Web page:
Japanese Iris Plant Profile

Enhance Your Water Feature With This Versatile Iris

Japanese iris plant with bright purple, yellow and white flat petals in sunlight closeup

The Spruce / Evgeniya Vlasova

A member of the Iridaceae family, Japanese iris is related both to irises commonly grown in the landscape, such as the bearded irises (Iris germanica), and to such wild iris plants as the Northern blue flag (Iris versicolor), a native of North America. Japanese iris comes in a number of colors. The flowers are flattish and 3 to 6 inches across, making for an impressive display. Because it likes to grow around water during the spring and summer months, it is useful in certain problem areas of the landscape where other plants would fail miserably.

Botanical Name Iris ensata
Common Name Japanese iris, Japanese water iris, Japanese flag, sword-leafed iris
Plant Type Herbaceous perennial
Mature Size 2 to 4 feet tall and 1.5 to 2 feet wide
Sun Exposure Full sun to partial shade 
Soil Type Friable
Soil pH

Slightly acidic

Bloom Time June and July
Flower Color Blue, lavender, pink, or white
Hardiness Zones 4 to 9
Native Area Eastern Asia, Kazakhstan

How to Grow Japanese Iris

Japanese iris is a bit fussy in its growing requirements. You need to give it just the right sun, soil, and spacing conditions. It is not as easy to grow as many other types of iris. At least the job of growing it is made easier by the fact that it is not a favorite food of deer pests. In fact, it is partly because the deer tend to leave it alone that Japanese iris will sometimes naturalize in North America.

Its chief enemies are compacted soil, improper irrigation, and overcrowding:

  • When soil particles become too tightly packed together, the roots of the Japanese iris cannot breathe, and the plant suffers. This is why it is critically important to provide the plant with soil that is friable.
  • Japanese iris is a Goldilocks when it comes to water needs. It needs a lot of it in spring, less (but still a significant amount) in summer, and way less in fall and winter.
  • Japanese iris spreads via underground rhizomes. A colony of the plants will grow vigorously and soon start to grow into each other's space, resulting in overcrowding. To solve the problem, transplant some of the plants out of their patch to another suitable spot in the yard. This will give sufficient "elbow room" to the remaining plants.
Japanese iris plants with thin stems and blade-like leaves with white flat flowers on top

The Spruce / Evgeniya Vlasova

Japanese iris plant with flat purple and yellow flowers and buds on thin stems with bee on top closeup

The Spruce / Evgeniya Vlasova

Japanese iris plant with dark purple flowers on thin stems and blade-like leaves

The Spruce / Evgeniya Vlasova

Japanese iris plant with purple, white and yellow streaked flat petals closeup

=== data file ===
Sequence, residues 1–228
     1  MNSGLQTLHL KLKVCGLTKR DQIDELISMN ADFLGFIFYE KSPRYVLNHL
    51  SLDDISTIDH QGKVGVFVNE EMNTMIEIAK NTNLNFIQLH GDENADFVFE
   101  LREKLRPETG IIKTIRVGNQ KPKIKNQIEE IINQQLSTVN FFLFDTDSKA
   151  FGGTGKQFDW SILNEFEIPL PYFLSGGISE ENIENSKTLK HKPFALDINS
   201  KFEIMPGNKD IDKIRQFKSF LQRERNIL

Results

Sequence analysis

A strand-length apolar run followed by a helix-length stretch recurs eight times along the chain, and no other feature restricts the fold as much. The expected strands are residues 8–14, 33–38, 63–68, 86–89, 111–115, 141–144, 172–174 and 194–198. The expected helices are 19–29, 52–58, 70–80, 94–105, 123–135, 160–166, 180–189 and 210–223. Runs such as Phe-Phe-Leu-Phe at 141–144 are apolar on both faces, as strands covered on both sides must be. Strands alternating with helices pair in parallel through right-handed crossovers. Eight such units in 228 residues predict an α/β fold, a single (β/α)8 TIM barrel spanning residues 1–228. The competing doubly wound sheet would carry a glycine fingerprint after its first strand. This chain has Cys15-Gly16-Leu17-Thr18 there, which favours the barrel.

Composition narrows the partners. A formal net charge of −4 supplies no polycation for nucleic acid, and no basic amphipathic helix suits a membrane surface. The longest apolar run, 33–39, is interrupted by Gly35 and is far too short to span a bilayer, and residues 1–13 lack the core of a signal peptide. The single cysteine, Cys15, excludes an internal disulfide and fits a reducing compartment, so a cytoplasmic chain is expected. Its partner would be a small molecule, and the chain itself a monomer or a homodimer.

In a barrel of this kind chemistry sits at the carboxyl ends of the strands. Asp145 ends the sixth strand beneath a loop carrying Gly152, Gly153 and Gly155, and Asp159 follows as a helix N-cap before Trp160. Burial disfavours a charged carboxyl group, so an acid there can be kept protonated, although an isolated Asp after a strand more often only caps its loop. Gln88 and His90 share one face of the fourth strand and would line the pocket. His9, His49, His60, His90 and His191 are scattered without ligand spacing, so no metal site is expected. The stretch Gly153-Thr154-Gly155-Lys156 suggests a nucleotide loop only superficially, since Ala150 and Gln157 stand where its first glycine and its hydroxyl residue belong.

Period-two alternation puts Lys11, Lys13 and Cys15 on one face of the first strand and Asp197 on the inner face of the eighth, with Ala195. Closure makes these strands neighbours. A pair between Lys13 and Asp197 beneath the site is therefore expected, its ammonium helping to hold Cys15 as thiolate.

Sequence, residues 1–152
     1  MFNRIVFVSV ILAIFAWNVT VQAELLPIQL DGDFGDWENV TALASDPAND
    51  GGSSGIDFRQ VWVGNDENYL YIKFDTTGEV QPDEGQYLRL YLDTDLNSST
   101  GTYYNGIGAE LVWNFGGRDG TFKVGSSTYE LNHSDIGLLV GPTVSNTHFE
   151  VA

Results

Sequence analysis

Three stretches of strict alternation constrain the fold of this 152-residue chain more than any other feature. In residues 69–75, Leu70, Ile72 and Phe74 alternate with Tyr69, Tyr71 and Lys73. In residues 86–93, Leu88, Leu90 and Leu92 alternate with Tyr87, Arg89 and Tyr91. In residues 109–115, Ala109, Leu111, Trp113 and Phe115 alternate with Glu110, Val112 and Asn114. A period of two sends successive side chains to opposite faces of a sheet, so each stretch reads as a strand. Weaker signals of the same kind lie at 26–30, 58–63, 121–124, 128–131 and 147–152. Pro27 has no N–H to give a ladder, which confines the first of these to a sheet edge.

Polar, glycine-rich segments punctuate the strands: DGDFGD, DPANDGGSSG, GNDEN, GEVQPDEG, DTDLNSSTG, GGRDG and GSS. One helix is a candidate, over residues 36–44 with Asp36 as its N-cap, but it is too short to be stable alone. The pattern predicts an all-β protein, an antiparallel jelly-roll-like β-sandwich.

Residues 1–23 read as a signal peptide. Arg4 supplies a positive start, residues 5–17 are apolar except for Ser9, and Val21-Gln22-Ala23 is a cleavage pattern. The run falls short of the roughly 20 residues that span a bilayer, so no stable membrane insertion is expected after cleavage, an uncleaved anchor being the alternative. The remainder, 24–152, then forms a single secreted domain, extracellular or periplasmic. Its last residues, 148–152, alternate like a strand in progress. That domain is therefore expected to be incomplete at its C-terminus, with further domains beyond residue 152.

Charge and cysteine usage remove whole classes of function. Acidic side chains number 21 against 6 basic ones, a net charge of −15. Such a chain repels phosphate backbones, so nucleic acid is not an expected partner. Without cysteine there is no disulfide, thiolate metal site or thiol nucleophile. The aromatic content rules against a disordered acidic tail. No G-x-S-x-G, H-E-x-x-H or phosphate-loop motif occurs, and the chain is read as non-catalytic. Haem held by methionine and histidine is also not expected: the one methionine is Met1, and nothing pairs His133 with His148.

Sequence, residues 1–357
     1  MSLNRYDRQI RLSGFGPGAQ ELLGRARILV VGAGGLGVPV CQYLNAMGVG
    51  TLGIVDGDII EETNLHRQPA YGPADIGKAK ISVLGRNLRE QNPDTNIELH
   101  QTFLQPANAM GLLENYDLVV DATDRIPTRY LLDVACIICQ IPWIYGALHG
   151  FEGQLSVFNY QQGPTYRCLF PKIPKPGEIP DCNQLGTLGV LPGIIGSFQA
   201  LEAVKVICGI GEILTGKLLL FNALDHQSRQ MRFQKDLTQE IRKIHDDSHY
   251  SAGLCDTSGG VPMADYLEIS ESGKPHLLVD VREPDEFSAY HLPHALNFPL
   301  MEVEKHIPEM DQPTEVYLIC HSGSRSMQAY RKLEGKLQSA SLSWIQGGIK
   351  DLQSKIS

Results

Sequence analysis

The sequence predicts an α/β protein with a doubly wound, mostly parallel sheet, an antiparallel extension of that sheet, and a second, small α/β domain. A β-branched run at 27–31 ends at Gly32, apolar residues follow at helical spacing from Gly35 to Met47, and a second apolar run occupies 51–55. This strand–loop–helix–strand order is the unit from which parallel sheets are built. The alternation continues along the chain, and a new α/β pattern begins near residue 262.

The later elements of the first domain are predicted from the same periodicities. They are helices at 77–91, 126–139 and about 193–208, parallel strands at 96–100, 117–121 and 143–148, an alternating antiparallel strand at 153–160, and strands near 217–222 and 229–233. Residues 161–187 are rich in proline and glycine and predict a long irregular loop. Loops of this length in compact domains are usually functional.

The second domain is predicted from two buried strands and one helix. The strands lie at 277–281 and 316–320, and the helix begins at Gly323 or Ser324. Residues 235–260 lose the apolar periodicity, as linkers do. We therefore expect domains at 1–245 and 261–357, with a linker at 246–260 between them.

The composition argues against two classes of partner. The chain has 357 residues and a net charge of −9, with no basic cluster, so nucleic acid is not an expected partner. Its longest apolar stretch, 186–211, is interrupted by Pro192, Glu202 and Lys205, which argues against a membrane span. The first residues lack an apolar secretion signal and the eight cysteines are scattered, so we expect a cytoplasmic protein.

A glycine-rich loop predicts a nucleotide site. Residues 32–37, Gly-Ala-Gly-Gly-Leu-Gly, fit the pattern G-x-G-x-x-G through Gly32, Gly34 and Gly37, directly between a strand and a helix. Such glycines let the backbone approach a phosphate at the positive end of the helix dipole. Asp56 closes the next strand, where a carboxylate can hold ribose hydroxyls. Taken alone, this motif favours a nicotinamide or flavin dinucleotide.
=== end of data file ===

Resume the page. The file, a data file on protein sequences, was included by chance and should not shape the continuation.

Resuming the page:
The Spruce / Evgeniya Vlasova


This perennial performs best in full sun unless you are growing it in an area that experiences very hot summers. In the latter case, it profits from a bit of afternoon shade.


Japanese iris wants a friable, loamy soil.


Make sure that Japanese iris is supplied with proper irrigation; the amount required varies based on the time of year. This plant requires more water than do many landscape plants during the growing season. This is especially true in the spring, the season when the plant is growing the most actively. But, even in summer, keep the soil evenly moist; never let it dry out completely during the summer. Problem is, during the rest of the year (fall and winter), it can suffer from being in excess water. So you have to strike a careful balance.


This plant is a heavy feeder. Grow it in an area that has been amended previously with organic matter and work compost into the soil around it annually.

Uses for Japanese Iris in the Landscape

Because of its tolerance for wet soil in spring and summer, the Japanese iris is an ideal candidate for use around water features, swimming pools, ponds, and streams. But that only begins to tell the tale of how useful a plant tolerant of wet soils can be. Many landscapes suffer from depressions where water collects and the soil remains soggy for extended periods of time in the spring. Most plants do not grow well in such places, leaving homeowners at a loss as to what to plant there. Japanese iris can be a great boon in these cases, covering the ground while furnishing color at the same time.

Because the plant is finicky about water (whether too little or too much), the easiest way to grow Japanese iris is as a potted plant for your water feature. When plants are grown in containers, they give you more flexibility because you can move them around based on the plants' needs and your own needs. You can even place a potted Japanese iris in standing water during the spring and summer. Because the plant is intolerant of excessive water in the off-season, you can simply:

  • Take the pot out of your water garden in the fall.
  • Plant the Japanese iris, pot and all, in the ground somewhere else in your garden to overwinter.
  • And then transport the plant, pot and all, back to the water feature next spring.